Improving policy for sexual and reproductive health
12 December 2014
Research by the UCL Institute of Women's Health into the effectiveness of chlamydia screening resulted in changes to the National Chlamydia Screening Programme in England. Focusing chlamydia testing within sexual health and primary care services rather than screening low-risk groups will make considerable savings for the NHS.
Chlamydia is one of the most common sexually transmitted infections (STIs) in the UK. In 2012, more than 200,000 people tested positive for chlamydia in England alone. Research by Professor Judith Stephenson (UCL Institute of Women's Health) and colleagues investigated the effectiveness of the National Chlamydia Screening Programme (NCSP).
The UCL review of chlamydia control in the UK was part of a systematic survey of chlamydia control activities in 29 European countries. This was commissioned by the European Centre for Disease Control and Prevention and informed its guidance to health policy makers in the EU about national strategies for chlamydia control. A further systematic review of chlamydia screening by the University of Bern and the UCL Institute of Women's Health was commissioned by the National Institute for Health and Care Excellence to inform its own guidance in the UK. Professor Stephenson presented the insights gained from this research to the annual NCSP meeting (2007) and to the Independent Advisory Group at the House of Lords (2008). She was also among the experts who gave evidence at interview to the National Audit Office for their report on value for money of the NCSP.
Finding and treating chlamydia infection in asymptomatic women is a good thing, but there is no clear evidence that population-based screening reduces long term complications (ectopic pregnancy or infertility). - Professor Judith Stephenson, speaking at the plenary debate at the World STI Conference 2013, Vienna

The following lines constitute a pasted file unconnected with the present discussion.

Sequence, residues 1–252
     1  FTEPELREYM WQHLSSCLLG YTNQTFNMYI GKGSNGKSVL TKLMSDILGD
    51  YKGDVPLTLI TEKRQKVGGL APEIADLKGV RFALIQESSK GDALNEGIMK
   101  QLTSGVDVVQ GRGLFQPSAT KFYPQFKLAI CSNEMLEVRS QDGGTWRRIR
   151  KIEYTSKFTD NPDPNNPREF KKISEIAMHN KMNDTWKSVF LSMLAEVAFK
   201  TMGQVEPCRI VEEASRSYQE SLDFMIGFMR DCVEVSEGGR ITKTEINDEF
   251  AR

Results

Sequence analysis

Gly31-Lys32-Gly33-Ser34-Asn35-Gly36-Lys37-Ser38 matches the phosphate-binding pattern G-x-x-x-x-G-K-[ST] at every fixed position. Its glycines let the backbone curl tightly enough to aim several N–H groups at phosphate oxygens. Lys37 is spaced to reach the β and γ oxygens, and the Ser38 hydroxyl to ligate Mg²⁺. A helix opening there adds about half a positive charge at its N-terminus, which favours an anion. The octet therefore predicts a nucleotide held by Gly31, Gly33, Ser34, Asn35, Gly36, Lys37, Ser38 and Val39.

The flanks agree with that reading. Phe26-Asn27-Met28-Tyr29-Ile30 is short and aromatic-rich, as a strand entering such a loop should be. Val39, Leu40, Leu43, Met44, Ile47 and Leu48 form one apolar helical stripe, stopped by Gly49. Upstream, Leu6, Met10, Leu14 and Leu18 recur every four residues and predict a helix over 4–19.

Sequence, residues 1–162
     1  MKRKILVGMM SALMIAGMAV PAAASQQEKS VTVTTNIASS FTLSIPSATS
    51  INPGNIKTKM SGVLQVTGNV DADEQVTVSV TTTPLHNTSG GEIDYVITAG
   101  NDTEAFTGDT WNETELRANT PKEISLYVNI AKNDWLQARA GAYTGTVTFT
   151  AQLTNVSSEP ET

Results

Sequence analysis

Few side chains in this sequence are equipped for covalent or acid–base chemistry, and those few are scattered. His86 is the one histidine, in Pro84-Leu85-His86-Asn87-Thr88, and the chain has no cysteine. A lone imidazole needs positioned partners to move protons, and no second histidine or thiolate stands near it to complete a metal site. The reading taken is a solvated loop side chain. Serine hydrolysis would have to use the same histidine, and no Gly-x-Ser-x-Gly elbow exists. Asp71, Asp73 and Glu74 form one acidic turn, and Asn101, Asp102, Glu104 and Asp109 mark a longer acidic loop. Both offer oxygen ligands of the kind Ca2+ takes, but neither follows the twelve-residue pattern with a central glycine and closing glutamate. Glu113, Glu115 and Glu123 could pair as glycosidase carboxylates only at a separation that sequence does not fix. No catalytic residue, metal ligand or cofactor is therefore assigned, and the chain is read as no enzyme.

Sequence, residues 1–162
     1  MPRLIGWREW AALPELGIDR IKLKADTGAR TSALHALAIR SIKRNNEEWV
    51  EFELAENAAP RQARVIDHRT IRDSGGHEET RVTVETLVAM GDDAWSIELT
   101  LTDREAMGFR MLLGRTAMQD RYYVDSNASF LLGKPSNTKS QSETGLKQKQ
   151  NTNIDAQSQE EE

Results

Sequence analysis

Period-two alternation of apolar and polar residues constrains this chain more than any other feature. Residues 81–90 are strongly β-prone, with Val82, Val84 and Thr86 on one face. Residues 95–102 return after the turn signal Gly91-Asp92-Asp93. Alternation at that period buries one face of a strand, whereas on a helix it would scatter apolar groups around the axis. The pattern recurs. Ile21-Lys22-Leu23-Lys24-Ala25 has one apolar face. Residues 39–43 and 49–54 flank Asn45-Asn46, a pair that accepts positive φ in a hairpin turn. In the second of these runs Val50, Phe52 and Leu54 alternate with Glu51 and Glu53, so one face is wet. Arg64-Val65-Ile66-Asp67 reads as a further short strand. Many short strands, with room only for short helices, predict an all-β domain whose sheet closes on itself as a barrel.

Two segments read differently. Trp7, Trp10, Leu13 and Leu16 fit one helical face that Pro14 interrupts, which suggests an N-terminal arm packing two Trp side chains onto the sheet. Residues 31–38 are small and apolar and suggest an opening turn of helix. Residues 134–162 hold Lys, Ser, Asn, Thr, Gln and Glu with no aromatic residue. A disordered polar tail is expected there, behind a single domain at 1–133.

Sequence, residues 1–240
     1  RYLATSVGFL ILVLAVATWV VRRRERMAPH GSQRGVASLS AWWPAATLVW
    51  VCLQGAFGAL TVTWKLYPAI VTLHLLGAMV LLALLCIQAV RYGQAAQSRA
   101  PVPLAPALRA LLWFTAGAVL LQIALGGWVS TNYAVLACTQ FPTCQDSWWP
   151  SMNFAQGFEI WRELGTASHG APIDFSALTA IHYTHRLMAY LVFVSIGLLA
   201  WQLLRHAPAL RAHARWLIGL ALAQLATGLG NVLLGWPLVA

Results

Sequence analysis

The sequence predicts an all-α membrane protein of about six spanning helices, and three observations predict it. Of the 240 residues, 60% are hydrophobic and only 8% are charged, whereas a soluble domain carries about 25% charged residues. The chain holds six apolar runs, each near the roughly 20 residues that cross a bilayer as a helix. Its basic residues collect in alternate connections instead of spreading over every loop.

Professor Stephenson argued that since the NCSP did not use unique identifiers or collect any clinical outcome data, it was not able to evaluate its aims. Following her research findings, a National Audit Office report concluded that the delivery of the NCSP had not demonstrated value for money. This was swiftly followed by a highly critical report from the Public Accounts Committee (2009-10).
In response to these criticisms, the NCSP focused on chlamydia testing in sexual health services and primary care, and has ceased screening in low-risk groups. The 2013 update on the NCSP acknowledges the gaps in current knowledge that UCL research highlighted and describes a new policy of re-focusing chlamydia testing within health services, moving away from population-based screening with coverage targets.
These and other organisational changes are expected to substantially improve value for money reducing, the average cost per chlamydia screening from £45 to £33.
Following changes in the England's chlamydia screening policy, Professor Stephenson was invited to present a plenary debate at the STI and AIDS World Congress in Vienna on whether to abandon population-based chlamydia screening of asymptomatic young women, showing that this research is now influencing debate globally.
Chlamydia in a cervical smear